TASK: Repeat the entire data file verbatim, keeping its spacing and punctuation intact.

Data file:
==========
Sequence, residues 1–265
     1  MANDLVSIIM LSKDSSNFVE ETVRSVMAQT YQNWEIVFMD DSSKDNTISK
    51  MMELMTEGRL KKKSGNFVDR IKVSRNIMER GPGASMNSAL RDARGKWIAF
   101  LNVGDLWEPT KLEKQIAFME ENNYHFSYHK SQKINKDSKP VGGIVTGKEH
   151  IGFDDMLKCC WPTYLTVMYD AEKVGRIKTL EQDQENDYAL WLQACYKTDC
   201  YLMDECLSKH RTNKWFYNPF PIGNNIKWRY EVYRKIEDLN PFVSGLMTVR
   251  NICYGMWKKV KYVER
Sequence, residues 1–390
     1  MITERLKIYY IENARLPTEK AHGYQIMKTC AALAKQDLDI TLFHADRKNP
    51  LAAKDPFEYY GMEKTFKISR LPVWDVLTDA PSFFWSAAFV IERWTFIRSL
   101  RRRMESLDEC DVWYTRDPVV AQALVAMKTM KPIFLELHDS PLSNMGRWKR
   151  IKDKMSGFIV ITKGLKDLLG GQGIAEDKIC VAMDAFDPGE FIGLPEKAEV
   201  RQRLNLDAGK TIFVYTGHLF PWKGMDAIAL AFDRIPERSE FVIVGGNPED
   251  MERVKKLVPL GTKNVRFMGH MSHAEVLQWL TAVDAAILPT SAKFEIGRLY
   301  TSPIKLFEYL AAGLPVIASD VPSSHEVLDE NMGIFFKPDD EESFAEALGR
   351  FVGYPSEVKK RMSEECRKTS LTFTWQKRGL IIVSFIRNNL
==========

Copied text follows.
Sequence, residues 1–265
     1  MANDLVSIIM LSKDSSNFVE ETVRSVMAQT YQNWEIVFMD DSSKDNTISK
    51  MMELMTEGRL KKKSGNFVDR IKVSRNIMER GPGASMNSAL RDARGKWIAF
   101  LNVGDLWEPT KLEKQIAFME ENNYHFSYHK SQKINKDSKP VGGIVTGKEH
   151  IGFDDMLKCC WPTYLTVMYD AEKVGRIKTL EQDQENDYAL WLQACYKTDC
   201  YLMDECLSKH RTNKWFYNPF PIGNNIKWRY EVYRKIEDLN PFVSGLMTVR
   251  NICYGMWKKV KYVER
Sequence, residues 1–390
     1  MITERLKIYY IENARLPTEK AHGYQIMKTC AALAKQDLDI TLFHADRKNP
    51  LAAKDPFEYY GMEKTFKISR LPVWDVLTDA PSFFWSAAFV IERWTFIRSL
   101  RRRMESLDEC DVWYTRDPVV AQALVAMKTM KPIFLELHDS PLSNMGRWKR
   151  IKDKMSGFIV ITKGLKDLLG GQGIAEDKIC VAMDAFDPGE FIGLPEKAEV
   201  RQRLNLDAGK TIFVYTGHLF PWKGMDAIAL AFDRIPERSE FVIVGGNPED
   251  MERVKKLVPL GTKNVRFMGH MSHAEVLQWL TAVDAAILPT SAKFEIGRLY
   301  TSPIKLFEYL AAGLPVIASD VPSSHEVLDE NMGIFFKPDD EESFAEALGR
   351  FVGYPSEVKK RMSEECRKTS LTFTWQKRGL IIVSFIRNNL